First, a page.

For developing countries, upgrading infrastructure at ports as well as road and rail networks may be expensive. It often remains a long-term objective. But reducing the burden of customs procedures and improving the use of existing infrastructure through better and less onerous regulation would be a low-hanging fruit for developing countries to pick and could make a substantial difference, allowing local firms to become more reliable as far as lead times are concerned. This could in turn make it worth the while for firms to invest in better quality that satisfies the requirements of downstream customers in international value chains.
While individual governments can shorten the time for exports and imports considerably by streamlining customs procedures, clamping down on cartels at ports, and liberalize transport and logistics services unilaterally, cross-border cooperation is also important. For example most of the countries in which it takes more than two months to export, import, or both, are land-locked low or middle-income countries. Their performance clearly depends on the time and cost of transit through neighbouring countries. But effective customs procedures in any country to some extent depend on the quality and timeliness of processing the necessary documents at both ends of a trade transaction.
Trade facilitation is one of the policy areas for which there are high hopes of a substantive agreement at the Bali WTO (World Trade Organisation) Ministerial Conference in December 2013. The agreement aims at reducing the cost in terms of time and money to cross borders. To quote the WTO website, the purpose of the trade facilitation agreement is to “….further expedite the movement, release and clearance of goods, including goods in transit”. A successful outcome and its implementation would clearly reduce time for exports and imports and thereby create a better environment for entrepreneurs to invest in becoming suppliers of more sophisticated but time sensitive parts within international value chains.
All countries would gain from this agreement, particularly when combined with domestic reforms. The countries where its implementation would make the largest difference are those with considerable industrial capacity but that perform badly on the WEF (World Economic Forum) indicators of customs and port quality and which have long time for exports and imports.
In such countries entrepreneurs may not have sufficient incentives to invest in quality, since the price premium associated with the upgrading only materialises if goods are reliably delivered on time, all the time. Among the countries that fit this description best are Russia, Ukraine, South Africa, Venezuela and Kenya.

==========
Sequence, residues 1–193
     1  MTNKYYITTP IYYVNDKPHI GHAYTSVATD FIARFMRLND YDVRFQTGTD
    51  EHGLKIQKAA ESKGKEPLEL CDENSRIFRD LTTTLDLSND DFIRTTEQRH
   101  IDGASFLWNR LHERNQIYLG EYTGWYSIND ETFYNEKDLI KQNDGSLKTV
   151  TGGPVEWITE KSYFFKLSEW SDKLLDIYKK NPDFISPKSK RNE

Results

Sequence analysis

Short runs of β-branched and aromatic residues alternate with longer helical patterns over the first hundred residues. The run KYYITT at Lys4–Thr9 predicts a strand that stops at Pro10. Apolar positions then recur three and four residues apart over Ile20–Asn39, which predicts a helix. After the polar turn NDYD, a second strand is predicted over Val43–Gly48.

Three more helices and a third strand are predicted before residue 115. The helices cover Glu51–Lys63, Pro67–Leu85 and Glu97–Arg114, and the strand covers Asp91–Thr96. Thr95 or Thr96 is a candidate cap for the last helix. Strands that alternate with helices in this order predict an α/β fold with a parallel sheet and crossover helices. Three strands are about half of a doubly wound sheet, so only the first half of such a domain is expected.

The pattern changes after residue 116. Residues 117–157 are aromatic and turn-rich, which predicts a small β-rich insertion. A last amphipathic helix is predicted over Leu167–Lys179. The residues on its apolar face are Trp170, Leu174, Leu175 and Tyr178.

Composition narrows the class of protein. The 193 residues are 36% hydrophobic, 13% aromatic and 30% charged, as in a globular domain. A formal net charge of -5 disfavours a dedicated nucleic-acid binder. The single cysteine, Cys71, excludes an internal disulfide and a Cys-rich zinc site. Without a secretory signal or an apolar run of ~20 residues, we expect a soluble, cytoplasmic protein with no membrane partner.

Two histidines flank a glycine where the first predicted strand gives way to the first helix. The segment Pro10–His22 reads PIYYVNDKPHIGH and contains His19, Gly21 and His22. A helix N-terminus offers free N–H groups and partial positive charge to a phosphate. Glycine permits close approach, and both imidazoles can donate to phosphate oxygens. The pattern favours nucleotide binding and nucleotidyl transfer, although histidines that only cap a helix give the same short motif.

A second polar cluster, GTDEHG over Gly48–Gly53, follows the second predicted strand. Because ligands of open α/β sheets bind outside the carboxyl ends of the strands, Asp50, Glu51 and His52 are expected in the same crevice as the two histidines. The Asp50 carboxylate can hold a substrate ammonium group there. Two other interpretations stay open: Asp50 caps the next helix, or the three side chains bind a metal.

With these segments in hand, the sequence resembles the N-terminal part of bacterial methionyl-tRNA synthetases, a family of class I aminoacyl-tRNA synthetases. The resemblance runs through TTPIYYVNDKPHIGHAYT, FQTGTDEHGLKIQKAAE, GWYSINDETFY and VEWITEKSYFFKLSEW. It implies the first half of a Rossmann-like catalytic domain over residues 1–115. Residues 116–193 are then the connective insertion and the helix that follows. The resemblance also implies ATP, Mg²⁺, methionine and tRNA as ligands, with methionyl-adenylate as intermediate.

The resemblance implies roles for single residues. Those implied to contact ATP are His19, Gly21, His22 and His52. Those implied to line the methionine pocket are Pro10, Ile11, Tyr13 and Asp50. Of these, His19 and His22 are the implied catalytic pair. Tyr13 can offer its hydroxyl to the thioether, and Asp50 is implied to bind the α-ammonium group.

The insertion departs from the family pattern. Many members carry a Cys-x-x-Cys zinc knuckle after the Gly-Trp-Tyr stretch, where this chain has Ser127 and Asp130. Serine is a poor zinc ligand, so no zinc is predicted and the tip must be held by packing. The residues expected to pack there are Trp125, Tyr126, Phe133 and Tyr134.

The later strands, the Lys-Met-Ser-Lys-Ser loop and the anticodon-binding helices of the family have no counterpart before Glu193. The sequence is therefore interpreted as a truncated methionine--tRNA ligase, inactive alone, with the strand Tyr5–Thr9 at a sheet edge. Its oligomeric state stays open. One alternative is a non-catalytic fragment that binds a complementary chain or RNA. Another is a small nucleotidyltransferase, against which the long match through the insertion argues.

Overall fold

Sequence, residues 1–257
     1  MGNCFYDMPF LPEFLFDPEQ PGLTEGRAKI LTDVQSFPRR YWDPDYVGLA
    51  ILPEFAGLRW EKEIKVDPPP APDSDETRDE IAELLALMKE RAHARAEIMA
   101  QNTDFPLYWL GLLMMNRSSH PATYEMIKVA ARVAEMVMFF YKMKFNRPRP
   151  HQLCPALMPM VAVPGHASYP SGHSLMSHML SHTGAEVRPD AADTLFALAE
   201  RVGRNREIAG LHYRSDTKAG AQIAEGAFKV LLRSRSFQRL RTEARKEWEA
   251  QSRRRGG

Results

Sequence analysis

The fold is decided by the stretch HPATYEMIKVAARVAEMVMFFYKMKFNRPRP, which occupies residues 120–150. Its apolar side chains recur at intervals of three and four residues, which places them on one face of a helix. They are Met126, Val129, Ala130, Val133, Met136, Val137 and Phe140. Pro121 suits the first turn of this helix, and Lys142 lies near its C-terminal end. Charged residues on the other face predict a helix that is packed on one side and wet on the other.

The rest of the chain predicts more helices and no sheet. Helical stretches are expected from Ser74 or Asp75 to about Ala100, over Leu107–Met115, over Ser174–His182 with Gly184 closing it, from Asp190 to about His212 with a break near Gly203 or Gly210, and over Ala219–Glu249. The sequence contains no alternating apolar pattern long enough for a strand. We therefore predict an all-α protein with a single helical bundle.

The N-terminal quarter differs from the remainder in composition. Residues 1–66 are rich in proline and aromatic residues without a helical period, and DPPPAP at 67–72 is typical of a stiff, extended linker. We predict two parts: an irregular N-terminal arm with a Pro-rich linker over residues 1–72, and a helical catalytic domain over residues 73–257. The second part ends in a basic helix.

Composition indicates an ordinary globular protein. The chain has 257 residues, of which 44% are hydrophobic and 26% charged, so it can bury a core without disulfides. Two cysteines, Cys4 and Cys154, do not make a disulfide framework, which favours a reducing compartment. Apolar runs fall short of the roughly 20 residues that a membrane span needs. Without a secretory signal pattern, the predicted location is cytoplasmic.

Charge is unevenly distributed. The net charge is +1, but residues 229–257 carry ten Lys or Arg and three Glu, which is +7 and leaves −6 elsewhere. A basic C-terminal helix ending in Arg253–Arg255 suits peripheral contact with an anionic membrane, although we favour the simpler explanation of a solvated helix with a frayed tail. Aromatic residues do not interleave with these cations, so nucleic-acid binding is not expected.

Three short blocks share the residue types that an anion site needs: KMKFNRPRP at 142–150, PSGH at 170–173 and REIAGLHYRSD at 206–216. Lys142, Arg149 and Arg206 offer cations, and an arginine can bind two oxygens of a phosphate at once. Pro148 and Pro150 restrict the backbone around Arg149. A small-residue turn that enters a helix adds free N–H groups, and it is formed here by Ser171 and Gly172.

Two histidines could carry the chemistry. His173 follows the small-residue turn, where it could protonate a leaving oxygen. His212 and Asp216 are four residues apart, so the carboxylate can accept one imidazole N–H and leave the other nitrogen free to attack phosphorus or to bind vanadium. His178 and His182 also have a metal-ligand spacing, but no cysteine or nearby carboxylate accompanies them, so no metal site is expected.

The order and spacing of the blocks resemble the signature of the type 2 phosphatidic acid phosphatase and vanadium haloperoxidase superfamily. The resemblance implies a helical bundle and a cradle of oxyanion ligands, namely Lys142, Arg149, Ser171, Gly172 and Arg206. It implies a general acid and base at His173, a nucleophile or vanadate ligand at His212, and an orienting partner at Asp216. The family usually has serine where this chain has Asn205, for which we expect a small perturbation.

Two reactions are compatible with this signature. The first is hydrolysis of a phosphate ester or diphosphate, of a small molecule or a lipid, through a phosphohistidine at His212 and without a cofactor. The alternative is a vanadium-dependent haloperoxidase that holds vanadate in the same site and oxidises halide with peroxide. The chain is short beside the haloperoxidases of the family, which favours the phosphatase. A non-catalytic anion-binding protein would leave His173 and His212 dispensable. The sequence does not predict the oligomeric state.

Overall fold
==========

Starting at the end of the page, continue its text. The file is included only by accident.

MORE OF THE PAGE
Hildegunn Kyvik Nordås joined the OECD in 2005 where she leads a project on services trade restrictions, their measurement and impact.
Before joining the OECD she worked at the research division in the WTO Secretariat, and she has held positions as senior researcher and research director at Christian Michelsen Institute, Norway.
Her areas of research and analysis are international trade, economic growth and economic development.
She has published a number of journal articles and book chapters in these fields. In addition she has led a number of projects providing technical assistance and policy advise in developing countries, including developing a macroeconomic model with the Planning Commission of Tanzania.
She has taught international economics and development economics at the University of Bergen, Norway, public finance at the School of Government at the University of Western Cape, South Africa, and she has been a visiting scholar to Stanford University, USA. Ms Kyvik Nordås holds a Ph.D. in economics.
Nordås, H.K (2014) “Time as a trade barrier”, Chapter 20 in Waters, D. (ed.), Global Logistics and Distribution Planning, seventh Edition, London: Kogan Page, forthcoming.
Nordås, H.K (2006), “Time as a trade barrier: implications for low-income countries”, OECD Economic Studies, No. 42/1, 137-167.
Nordås, H.K, M. Geloso-Grosso and E. Pinali (2006), “Logistics and time as a trade barrier”, OECD Trade Policy Working Paper no 35.